Trusted By The World’s
Leading Corporations

Photo of the legal professionals at Klein & Wilson
  1. Home
  2.  » 
  3. Articles
  4.  » Tips to use incubators and accelerators without putting IP at risk

Tips to use incubators and accelerators without putting IP at risk

Programs offering entrepreneurs with an opportunity to find success abound. Although these programs are tempting, it is wise for those in business to take a step back and make sure their intellectual property is properly protected before becoming involved in an accelerator or incubator program.

These programs may be offered by prestigious universities or well intentioned, successful businesses. Regardless, involvement can put an innovative idea or product at risk by entering the public domain before steps are taken to help fully protect a business’s intellectual property. The issue was recently addressed in an article by Forbes, noting that intangible assets can make up over 90 percent of the company’s value. Without proper protections like copyrights and trademarks, this intangible property could be stolen and put a company at risk.

More on accelerators and incubators

In order to understand the danger, one must have a better understanding of the potential risks. Although both accelerators and incubators work to help young businesses find success, they do it in different ways.

Accelerators are designed to offer advice and support to businesses for a relatively short period of time. Generally, a business’s relationship with an accelerator only lasts from three to six months. During this time, the business may receive the funding and expertise to take a product from concept to market.

Incubators can offer similar services, but are generally used for a longer period of time. An incubator may be as simple as a common office, allowing multiple entrepreneurs to share a space, supportive staff, and production equipment. Since multiple people are sharing these services, the overhead cost is reduced. Admission to an incubator can be difficult and may require the entrepreneur to put together a business plan for review by a screening committee.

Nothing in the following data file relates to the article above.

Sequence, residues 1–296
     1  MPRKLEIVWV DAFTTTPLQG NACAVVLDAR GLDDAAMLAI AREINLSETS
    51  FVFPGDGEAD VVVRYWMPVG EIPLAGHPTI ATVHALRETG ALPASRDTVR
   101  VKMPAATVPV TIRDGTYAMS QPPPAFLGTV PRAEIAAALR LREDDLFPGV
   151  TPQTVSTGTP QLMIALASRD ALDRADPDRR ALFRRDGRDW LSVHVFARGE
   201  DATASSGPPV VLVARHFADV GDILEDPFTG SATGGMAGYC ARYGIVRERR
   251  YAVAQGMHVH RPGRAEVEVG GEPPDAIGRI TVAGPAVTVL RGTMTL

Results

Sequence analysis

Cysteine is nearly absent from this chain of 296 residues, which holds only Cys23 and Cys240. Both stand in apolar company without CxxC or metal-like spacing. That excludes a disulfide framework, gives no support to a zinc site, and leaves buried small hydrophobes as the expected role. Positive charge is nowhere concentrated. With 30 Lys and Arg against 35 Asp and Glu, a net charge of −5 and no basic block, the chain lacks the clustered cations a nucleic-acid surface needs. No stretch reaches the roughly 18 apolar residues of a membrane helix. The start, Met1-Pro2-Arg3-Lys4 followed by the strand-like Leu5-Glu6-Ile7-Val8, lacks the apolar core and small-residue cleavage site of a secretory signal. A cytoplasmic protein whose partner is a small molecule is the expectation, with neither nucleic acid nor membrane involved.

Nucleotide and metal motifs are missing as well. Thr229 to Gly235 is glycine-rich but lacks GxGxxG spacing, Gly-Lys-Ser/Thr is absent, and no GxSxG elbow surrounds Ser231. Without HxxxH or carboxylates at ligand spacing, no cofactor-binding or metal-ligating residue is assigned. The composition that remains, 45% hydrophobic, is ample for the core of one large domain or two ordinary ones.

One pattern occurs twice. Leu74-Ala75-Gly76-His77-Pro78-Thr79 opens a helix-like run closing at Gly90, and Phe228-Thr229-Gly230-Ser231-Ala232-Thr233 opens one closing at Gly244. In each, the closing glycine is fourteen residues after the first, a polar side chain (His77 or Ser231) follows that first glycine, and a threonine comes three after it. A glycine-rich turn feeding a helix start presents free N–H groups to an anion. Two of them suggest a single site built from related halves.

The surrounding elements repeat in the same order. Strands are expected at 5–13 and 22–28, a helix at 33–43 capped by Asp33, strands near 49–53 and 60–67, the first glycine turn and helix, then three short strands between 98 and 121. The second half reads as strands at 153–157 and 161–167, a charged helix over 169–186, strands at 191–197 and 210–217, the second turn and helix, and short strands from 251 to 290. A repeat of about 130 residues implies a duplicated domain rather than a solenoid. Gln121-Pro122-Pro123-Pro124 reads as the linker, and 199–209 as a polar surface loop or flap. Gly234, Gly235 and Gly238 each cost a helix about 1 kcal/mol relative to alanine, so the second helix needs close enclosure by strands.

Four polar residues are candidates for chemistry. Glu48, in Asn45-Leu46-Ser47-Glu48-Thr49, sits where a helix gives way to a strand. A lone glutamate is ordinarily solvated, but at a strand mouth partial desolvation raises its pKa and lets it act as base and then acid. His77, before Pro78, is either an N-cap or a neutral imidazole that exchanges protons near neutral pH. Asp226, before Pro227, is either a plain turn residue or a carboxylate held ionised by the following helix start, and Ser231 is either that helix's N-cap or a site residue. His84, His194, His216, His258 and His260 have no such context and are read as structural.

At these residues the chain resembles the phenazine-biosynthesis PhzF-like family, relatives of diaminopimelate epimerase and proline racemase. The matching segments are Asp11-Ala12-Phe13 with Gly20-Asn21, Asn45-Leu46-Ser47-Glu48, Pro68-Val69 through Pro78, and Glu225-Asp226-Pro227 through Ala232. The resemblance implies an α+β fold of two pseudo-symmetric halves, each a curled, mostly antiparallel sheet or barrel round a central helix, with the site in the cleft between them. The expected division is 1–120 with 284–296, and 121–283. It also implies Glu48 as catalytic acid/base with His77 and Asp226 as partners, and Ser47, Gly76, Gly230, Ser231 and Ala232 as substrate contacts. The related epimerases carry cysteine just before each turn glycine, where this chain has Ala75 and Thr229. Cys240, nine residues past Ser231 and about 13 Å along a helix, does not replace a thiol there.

These programs can be sponsored through private companies or large universities. Regardless of the sponsor, entrepreneurs should tread carefully to help better ensure their ideas and products are not stolen.

Careful involvement can increase success, legal counsel may be helpful

Becoming involved in an incubator or accelerator program could help increase the odds of success for a business. Savvy entrepreneurs can take advantage of these opportunities while still protecting their valuable intellectual property with trademarks and copyrights. Contact an experienced intellectual property lawyer to help protect your product. If you feel that another has already infringed on these rights, this legal professional can fight for you, helping to mitigate both lost profits and any damage done to one’s reputation.

Mark Wilson, a trial attorney, has won nearly every case he has tried or arbitrated. He lost only one jury trial and obtained a complete reversal on appeal. Mr. Wilson represents clients in business litigation and legal malpractice cases and was named in the 2017 – 2020 SuperLawyers Top 50 Orange County lists. Mr. Wilson is a California State Bar certified specialist in Legal Malpractice Law and can be reached at 949-239-0907; [email protected];